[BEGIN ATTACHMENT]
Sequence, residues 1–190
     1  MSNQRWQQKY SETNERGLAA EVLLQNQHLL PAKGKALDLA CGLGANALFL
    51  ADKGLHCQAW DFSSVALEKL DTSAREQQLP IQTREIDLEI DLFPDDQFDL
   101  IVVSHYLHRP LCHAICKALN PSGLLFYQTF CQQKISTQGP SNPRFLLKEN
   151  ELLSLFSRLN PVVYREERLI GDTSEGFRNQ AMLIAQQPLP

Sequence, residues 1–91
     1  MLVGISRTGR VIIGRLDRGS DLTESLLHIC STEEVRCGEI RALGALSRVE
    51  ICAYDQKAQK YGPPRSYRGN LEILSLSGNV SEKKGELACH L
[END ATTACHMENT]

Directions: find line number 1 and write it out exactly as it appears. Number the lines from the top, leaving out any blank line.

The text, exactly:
Sequence, residues 1–190